CALIFORNIA – Yesterday, a three-judge panel reversed a California trial court’s grant of summary judgement for the defendant, Triple A Machine Shop (Triple A), Inc., and remanded the matter to the trial court for further determination of Triple A’s arguments in support of summary adjudication. The decedent, Michael Harris, sued Triple A, among others, and alleged that their subcontracted work overhauling the USS San Jose in San Francisco for over three months in 1973 disturbed asbestos and contributed to the development of his mesothelioma. The panel determined that a triable issue of fact was created when they considered industrial hygienist William Ewing’s testimony, Triple A’s job file, and Harris’s testimony.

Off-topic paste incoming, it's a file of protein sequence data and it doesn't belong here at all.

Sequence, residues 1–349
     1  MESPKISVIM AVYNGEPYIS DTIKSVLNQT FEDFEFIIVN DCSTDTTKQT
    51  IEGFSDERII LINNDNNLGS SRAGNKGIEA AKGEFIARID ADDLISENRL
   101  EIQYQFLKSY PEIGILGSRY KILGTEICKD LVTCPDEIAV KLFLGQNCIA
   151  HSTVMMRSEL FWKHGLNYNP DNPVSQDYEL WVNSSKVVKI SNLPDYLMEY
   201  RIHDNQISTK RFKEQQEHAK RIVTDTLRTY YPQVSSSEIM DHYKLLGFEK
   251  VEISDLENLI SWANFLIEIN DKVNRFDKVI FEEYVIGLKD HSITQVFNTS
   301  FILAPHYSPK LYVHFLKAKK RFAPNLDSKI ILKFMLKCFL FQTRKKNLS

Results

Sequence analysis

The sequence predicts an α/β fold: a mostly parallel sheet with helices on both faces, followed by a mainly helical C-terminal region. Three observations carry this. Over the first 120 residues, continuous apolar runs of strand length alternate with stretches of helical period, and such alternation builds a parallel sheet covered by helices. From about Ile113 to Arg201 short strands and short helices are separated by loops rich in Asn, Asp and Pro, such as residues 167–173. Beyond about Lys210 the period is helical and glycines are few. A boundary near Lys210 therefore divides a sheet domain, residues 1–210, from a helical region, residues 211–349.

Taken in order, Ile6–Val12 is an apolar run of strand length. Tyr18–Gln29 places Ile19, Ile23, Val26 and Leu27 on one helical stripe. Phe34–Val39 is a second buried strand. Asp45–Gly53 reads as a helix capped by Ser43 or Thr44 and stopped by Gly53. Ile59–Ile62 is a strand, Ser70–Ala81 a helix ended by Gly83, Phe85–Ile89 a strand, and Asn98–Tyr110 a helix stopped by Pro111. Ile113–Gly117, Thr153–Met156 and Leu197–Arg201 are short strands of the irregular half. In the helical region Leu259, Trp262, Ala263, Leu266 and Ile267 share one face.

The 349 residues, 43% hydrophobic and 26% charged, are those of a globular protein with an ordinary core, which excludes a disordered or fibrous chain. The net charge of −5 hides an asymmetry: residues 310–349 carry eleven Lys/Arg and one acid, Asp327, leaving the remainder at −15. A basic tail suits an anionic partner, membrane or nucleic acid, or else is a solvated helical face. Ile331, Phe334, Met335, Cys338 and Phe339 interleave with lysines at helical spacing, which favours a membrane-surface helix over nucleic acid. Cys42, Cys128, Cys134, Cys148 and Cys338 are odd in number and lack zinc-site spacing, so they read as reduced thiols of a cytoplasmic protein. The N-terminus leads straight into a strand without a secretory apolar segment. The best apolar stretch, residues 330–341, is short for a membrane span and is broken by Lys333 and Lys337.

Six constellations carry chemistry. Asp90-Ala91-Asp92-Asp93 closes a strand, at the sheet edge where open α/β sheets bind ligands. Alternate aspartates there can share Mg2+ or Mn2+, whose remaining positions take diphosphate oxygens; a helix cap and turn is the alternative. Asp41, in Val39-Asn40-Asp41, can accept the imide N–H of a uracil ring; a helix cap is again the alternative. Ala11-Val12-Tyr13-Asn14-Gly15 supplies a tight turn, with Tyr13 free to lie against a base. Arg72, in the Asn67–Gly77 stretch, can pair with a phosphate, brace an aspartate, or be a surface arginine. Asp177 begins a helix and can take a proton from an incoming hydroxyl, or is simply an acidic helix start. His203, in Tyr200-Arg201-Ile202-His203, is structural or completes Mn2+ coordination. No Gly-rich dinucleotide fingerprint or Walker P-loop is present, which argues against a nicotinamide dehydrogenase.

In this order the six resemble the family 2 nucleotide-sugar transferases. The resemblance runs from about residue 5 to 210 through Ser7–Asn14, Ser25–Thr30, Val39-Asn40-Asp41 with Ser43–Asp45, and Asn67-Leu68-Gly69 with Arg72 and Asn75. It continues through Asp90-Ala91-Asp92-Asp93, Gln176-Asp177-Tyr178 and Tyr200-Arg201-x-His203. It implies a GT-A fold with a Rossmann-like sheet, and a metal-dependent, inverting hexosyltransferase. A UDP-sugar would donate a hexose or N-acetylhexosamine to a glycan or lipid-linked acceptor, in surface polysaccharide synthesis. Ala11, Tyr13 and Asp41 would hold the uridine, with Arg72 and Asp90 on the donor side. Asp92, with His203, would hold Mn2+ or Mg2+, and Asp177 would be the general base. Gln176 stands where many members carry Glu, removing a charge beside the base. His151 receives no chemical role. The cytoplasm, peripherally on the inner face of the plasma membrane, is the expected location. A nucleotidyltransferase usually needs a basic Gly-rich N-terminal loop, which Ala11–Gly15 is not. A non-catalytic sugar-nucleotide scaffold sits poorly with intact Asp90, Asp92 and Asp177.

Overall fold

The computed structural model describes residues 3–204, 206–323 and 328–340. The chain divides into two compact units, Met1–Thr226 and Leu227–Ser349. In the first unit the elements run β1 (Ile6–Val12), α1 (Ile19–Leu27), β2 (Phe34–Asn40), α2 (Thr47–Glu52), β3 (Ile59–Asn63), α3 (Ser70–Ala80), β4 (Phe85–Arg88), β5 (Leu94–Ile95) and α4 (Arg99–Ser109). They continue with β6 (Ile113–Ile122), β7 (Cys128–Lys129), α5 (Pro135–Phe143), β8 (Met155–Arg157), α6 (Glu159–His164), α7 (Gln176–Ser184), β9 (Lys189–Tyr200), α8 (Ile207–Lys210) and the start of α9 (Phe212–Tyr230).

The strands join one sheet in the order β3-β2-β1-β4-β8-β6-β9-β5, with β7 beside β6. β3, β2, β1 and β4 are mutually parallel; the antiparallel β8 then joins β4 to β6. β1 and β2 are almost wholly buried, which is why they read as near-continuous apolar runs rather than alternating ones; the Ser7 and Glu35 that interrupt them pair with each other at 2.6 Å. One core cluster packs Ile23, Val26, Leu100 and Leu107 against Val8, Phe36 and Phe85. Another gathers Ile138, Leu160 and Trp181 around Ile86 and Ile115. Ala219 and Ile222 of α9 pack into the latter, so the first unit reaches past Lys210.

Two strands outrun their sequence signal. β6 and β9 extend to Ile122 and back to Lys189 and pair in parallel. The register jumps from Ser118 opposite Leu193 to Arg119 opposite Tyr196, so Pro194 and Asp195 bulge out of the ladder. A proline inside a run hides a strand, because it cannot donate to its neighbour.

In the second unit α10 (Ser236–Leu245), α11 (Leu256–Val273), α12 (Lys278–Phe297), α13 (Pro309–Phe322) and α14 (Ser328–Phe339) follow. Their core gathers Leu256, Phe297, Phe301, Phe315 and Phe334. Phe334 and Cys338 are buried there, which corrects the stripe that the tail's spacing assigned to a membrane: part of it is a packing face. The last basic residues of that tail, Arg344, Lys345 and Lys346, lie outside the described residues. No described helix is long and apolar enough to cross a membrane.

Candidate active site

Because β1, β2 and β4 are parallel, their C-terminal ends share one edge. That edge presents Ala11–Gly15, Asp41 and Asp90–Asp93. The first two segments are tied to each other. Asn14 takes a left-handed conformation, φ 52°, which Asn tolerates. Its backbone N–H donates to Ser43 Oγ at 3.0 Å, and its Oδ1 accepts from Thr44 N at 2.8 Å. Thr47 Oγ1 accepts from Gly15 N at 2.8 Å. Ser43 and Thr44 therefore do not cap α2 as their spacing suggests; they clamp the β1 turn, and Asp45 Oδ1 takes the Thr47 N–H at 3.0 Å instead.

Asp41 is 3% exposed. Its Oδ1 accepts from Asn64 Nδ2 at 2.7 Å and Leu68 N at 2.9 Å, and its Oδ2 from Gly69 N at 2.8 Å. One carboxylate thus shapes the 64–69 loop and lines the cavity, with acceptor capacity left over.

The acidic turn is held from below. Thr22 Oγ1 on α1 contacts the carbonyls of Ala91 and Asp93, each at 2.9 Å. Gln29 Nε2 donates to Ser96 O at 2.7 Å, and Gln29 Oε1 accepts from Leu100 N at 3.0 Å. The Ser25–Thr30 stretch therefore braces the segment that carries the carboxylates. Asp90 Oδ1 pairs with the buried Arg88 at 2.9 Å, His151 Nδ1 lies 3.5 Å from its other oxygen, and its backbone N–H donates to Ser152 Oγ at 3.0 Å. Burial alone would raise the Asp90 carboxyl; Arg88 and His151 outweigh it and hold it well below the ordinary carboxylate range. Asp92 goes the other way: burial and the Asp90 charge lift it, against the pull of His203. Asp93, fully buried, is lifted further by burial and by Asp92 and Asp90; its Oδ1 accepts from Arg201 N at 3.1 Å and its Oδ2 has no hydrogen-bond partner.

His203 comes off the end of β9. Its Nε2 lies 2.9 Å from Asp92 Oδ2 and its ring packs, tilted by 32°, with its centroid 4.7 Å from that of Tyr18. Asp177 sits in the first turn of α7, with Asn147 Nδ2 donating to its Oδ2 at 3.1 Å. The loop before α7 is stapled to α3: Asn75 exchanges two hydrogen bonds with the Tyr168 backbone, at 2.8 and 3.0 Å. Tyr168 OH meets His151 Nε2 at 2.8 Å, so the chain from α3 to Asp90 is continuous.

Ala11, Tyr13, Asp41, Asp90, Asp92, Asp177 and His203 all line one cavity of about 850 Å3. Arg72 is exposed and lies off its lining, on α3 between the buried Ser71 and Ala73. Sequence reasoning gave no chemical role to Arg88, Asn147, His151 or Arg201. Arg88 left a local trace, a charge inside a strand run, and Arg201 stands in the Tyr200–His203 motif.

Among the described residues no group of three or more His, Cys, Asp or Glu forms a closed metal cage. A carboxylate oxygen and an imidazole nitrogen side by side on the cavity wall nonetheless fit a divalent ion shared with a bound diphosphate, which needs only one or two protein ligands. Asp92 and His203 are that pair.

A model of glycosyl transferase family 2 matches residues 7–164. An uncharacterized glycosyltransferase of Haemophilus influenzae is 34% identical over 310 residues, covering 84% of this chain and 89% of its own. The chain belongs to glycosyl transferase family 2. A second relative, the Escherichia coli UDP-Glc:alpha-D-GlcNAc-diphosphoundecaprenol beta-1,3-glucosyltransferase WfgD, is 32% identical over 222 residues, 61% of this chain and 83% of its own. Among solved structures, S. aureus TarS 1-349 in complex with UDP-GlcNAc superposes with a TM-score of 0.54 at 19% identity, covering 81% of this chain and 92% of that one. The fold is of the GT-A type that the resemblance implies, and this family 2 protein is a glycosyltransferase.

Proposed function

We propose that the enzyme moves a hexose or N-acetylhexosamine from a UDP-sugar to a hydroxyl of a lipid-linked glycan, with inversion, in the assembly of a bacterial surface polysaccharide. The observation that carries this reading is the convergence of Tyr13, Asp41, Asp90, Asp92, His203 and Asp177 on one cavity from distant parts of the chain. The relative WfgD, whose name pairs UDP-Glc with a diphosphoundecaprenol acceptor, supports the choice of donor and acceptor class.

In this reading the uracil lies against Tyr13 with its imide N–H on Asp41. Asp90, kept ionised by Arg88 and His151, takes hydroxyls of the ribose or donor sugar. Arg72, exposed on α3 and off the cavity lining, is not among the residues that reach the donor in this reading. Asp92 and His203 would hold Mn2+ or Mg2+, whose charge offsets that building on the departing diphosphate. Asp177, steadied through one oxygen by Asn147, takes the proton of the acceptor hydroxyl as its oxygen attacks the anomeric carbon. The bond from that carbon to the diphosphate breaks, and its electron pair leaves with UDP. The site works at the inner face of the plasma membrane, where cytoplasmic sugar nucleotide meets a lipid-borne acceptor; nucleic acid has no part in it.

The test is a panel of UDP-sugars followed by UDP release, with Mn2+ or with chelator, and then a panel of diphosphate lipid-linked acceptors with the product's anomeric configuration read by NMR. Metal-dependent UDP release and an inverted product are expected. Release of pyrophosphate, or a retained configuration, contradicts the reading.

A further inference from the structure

Harris, a United States Navy hull maintenance technician, had testified that he didn’t recall any specifics regarding the work that Triple A’s personnel had done while working on the USS San Jose. However, he estimated that he had spent 20 hours in the engine room while the ship was in Triple A’s shipyard. In opposition to the summary judgement motion, the plaintiffs presented evidence that Triple A’s job duties for the overhaul involved “the cleaning of all rust, dirt, and asbestos,” to include work in the engine room. They also cited Ewing’s re-entertainment testimony which posited that ” Harris did not need to [be] present at the exact time that the [asbestos] material was being removed…by Triple A workers,” but that asbestos fibers remained in the air for “hours or even days.” Because Triple A moved for summary judgement solely on the issue of exposure, the panel did not address whether the alleged exposures, if any, were a substantial factor in causing Harris’s mesothelioma.